# AP Physics 2: 1.2 Changes and Conservation Laws

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AP Physics 2: 1.2 Changes and Conservation Laws. What should the water velocity be when the sludge is cleared?

AP | AP Physics 2 |

AP Physics 2 | Changes and Conservation Laws |

Language | English Language |

Science Practice 3 | Engaging in scientific questioning |

Test Prep | AP Physics 2 |

### Transcript

water flow measurements, in one spot a 20 centimeter thick layer of sludge has [sludge in the sewer pipe]

narrowed to 2.0 meters diameter pipe take a look at this diagram right

there yeah it shows that the sludge so we're going to call it politely goes

completely around the pipe the water velocity at this point is 10 meters per

second well based on this information what should the water velocity be when

the sludge is cleared and here the potential answers.....So sewer sludge is

really really gross and we're just going to move right ahead because we don't [Man slipping in sewer sludge]

even want to think about it we've never been so happy to do math before.. Solve

this well we'll use the fluid continuity equation that equation states that the

product of the cross-sectional area of the pipe and the fluids velocity at one

portion of a pipe equals the product of area and velocity at a second portion of

the same pipe this is a function of the conservation of mass well basically if a [A garden hose pipe]

volume X of fluid enters one portion of a pipe the same volume has to exit

that same portion as a pipe narrows the velocity of the fluid increases as [Girl squirts boy with a water pipe]

anyone who has ever put a thumb over the end of the garden hose can attest and if

the pipe broadens well the velocity slows.. in this question we're not given [Dimensions of a pipe]

the area but we're given the diameter and super genius types like us know that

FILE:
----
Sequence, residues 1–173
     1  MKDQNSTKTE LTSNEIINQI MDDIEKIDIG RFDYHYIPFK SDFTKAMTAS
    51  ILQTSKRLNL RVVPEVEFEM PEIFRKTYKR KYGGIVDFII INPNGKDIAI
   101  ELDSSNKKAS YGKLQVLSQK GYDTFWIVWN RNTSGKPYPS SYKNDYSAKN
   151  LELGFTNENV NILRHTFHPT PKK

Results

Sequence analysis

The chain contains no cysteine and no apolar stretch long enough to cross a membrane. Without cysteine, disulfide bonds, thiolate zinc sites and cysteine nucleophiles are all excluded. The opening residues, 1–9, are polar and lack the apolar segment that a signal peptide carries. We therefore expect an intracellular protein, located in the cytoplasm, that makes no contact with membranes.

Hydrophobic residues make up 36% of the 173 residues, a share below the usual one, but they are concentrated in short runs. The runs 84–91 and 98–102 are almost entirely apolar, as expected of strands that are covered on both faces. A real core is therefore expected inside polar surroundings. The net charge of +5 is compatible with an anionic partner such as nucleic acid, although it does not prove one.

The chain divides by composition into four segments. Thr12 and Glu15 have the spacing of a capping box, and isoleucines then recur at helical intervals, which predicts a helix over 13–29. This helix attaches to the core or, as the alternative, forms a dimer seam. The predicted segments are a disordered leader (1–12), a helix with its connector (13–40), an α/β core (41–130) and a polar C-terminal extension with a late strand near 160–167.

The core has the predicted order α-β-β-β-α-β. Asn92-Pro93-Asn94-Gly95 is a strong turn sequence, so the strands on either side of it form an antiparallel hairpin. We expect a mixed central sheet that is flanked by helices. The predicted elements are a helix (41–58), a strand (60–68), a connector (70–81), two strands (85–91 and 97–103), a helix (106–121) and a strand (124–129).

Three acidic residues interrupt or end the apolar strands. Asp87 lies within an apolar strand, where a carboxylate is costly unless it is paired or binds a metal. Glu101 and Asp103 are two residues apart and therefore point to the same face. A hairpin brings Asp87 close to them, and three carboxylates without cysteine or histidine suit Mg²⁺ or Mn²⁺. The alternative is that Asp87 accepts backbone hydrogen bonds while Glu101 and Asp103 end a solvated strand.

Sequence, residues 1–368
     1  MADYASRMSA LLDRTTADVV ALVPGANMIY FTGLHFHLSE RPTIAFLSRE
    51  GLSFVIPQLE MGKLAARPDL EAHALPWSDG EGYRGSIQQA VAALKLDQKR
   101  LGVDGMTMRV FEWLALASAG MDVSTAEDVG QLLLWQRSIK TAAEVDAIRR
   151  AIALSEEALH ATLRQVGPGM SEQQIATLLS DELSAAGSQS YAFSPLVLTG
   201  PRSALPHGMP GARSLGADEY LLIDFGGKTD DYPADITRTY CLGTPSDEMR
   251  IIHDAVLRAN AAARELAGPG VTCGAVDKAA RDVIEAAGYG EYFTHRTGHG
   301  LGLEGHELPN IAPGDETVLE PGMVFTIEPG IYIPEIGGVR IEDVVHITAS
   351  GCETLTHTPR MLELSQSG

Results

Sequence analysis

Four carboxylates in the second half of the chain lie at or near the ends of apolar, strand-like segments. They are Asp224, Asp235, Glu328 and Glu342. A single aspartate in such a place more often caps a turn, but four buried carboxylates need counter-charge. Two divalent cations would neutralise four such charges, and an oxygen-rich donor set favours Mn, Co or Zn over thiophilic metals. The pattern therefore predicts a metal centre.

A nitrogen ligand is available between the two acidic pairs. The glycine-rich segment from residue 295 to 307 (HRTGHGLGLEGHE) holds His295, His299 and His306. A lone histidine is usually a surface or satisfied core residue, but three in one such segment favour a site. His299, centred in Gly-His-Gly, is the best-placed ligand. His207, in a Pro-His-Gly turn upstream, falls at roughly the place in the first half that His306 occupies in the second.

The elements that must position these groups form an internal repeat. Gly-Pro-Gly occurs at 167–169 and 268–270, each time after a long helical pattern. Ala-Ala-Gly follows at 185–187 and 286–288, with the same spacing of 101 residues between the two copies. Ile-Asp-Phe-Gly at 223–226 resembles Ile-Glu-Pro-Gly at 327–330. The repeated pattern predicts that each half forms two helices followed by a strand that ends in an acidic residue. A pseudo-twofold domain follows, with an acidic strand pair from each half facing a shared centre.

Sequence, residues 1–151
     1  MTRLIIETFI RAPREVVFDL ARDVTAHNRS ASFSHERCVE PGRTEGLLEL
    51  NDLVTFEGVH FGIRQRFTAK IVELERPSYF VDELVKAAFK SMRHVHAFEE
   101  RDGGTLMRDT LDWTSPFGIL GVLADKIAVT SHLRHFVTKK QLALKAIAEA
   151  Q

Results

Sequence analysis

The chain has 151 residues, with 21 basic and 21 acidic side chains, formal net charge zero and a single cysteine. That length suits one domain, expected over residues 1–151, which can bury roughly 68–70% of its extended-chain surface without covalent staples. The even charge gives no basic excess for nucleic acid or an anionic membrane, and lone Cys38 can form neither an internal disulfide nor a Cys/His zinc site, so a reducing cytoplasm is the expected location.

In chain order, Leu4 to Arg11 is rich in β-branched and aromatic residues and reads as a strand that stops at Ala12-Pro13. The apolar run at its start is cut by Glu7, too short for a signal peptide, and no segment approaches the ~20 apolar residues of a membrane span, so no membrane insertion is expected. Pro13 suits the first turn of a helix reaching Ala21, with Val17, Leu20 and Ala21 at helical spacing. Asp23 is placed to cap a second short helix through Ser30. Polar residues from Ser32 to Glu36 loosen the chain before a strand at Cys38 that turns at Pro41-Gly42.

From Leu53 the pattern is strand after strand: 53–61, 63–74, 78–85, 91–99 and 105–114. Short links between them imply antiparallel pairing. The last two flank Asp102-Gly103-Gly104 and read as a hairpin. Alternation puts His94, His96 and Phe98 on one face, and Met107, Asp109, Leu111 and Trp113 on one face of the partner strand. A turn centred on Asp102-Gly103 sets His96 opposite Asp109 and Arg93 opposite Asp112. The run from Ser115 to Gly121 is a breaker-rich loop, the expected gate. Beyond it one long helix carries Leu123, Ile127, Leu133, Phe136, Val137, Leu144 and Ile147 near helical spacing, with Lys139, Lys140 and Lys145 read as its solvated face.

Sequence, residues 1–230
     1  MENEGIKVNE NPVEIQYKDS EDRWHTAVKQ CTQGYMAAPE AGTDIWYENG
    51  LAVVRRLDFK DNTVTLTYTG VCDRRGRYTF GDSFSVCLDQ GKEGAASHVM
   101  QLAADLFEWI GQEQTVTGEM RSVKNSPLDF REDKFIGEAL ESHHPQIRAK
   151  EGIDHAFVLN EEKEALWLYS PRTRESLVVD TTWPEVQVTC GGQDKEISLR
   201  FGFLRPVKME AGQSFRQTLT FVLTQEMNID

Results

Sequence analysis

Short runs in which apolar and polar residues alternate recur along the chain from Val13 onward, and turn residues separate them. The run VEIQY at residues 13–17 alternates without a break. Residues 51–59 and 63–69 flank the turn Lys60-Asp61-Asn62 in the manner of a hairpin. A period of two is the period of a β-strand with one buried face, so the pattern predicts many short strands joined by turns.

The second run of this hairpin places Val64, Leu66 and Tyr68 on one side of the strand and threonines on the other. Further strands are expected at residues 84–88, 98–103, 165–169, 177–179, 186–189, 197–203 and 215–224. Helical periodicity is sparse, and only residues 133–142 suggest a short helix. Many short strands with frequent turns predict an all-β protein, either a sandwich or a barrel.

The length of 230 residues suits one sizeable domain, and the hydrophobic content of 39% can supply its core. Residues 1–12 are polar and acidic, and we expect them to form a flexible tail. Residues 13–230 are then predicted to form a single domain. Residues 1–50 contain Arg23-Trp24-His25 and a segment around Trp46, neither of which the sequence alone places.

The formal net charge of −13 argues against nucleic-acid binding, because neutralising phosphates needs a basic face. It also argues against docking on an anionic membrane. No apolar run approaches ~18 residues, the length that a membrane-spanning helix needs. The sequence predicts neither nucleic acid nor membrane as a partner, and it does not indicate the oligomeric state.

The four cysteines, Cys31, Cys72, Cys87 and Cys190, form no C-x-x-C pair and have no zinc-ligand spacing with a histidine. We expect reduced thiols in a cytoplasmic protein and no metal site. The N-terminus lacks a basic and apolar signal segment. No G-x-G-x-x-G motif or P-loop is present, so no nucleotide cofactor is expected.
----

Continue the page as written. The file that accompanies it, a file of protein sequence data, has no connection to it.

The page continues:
the area of a circle equals pi times one half of the diameter squared well we can

plug that in on both sides of the equation and we can simplify it by

cancelling out PI from both sides so the pipe was originally two meters but due [pipe's diameter measurements]

to the twenty centimeters of sludge the diameter is reduced by forty centimeters

since the layer of sludge encircles the pipe and now we're getting a little

queasy from all this sludge talk, but we know that the current diameter is 1.6

meters and since we know that the current velocity is 10 meters per second

we plug those numbers in and we can solve for V sub 2 ...well V sub 2 equals V [Hand places V sub 2]

sub 1 times d sub 1 squared over d sub 2 squared, which means it equals 10 meters

per second times 1.6 meters squared over 2 meters squaresd, well simplifying the

division helps us find that the post-sludge cleaning velocity is 6.4

meters per second making B) the right answer... Now that we're finally done

talking about sewer sludge we want to take a shower so we can feel clean again [Man runs away from sewer sludge and takes a shower]

we'll try not to think about where all that water goes is it runs down the [water running down a drain]

drain